“Bree. It used to be Gabby but I didn’t like it so I made Mama and Papa change it. Now I’m Bree. I like that better.”

During this astonishing statement, the child had become engrossed with the warrior’s long hair and was now contentedly weaving a lock of it into a thin braid. When she finished, she pulled a string out of her pocket and wrapped it around the end of the braid, tying the ends securely. Leaning back slightly on the women’s lap she placed her hands on her small hips and studied her handiwork carefully. The warrior almost lost it completely when, after cocking her head from side to side to check the different angles, the child nodded her head in satisfaction of a job well done. “There. That’s nicer, don’t you think?”

The poor woman could only smile sheepishly and nod her head, afraid she would break out laughing if she tried to speak. The usually cold and aloof warrior was surprised to find that, for the first time in more years than she cared to count, she actually felt comfortable and at ease in the company of another human being. Somehow, without her being aware of it, this precocious pixie of a child had wormed her way into a corner of the woman’s heart and set up residence there. The realization frightened the warrior and she decided it was time to put an end to this pleasant little interlude. “It’s getting late. Don’t you think you should be getting home before your Mama and Papa start worrying about you?”

“Nah, it’s not that late. Besides, I wanted you to tell me a story.”

“ I’m sorry but I don’t have time to tell you a story today. I have chores waiting for me at home and a long walk ahead of me before I get there. I have to start soon if I want to be home by dark.” Knowing all children understood the concept of chores, she hoped this would put an end to the girl’s protests. Unfortunately, she hadn’t counted on the child’s tenacious spirit.

“But I don’t even know your name,” Bree said plaintively, tears starting to well up in her sea-green eyes. “You’re my friend and friends always tell each other their names. I told you mine.” Emphasizing her words with a little bounce, she caused a tear to dislodge from her lashes and trickle down her cheek, melting the warrior’s heart even more.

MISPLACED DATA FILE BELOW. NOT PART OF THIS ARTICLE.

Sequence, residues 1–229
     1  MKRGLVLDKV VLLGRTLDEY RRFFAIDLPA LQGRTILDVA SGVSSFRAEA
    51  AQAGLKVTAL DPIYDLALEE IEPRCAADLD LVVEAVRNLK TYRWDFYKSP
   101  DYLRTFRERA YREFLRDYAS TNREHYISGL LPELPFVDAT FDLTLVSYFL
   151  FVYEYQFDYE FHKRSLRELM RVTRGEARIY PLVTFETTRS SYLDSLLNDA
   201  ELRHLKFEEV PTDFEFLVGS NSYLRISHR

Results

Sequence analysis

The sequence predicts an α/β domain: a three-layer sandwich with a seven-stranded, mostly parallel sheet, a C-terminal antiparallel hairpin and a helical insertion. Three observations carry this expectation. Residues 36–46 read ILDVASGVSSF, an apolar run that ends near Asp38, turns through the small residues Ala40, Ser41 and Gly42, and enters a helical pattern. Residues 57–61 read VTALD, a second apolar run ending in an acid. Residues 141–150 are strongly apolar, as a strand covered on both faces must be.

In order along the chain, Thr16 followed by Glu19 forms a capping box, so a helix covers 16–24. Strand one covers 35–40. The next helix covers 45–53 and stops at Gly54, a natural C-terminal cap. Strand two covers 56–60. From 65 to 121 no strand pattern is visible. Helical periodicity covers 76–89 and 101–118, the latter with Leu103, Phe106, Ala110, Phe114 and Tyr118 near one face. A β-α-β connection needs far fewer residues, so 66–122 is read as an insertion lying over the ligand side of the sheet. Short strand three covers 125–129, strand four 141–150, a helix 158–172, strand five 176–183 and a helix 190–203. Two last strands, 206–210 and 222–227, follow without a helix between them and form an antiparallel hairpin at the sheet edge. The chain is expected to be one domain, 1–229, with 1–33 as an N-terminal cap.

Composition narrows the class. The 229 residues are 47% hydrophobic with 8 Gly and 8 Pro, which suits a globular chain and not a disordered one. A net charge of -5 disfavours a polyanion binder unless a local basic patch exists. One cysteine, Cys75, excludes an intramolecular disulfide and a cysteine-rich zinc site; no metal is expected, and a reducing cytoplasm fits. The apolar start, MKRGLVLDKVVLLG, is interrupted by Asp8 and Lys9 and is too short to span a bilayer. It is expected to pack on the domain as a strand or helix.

The woman adopted her best ‘stern warrior’ demeanor, which wasn’t easy with that adorable little face staring up at her. “Alright, I’ll tell you my name but you have to promise me you’ll go straight home afterwards and no fooling around on the way. You promise?”

“I promise. You gotta tell me your name now.”

“It’s Xena,” the warrior said softly as if she was divulging a great secret. In a way she was since most people were learning to fear that name, and the person who bore it, with every ounce of their being. Because of this, Xena knew that if word got out that she had been seen in this small valley, there would most likely be widespread panic in the villages and this innocent child that called her friend would be caught in the middle of a hurricane. In order to prevent this the warrior called upon a special skill that had been taught her by the healer, Nickleo. Looking deeply into the child’s eyes, she spoke in a low, soft voice. As the child’s eyes took on a glazed look Xena finished speaking and set the girl back on her feet. Then, after climbing back into the tree, she snapped her fingers and watched as Bree blinked a few times than scampered off towards her home.

When the girl was gone Xena dropped from the tree, slung the boar’s carcass across her shoulders, and began her long trek back to where her army was camped. At the edge of the clearing she looked back to where her new friend had disappeared. “I wish I could’ve let you remember me but it’s just too dangerous. But we’ll meet again someday, Bree. I promise,” she said softly before she, too, disappeared into the forest.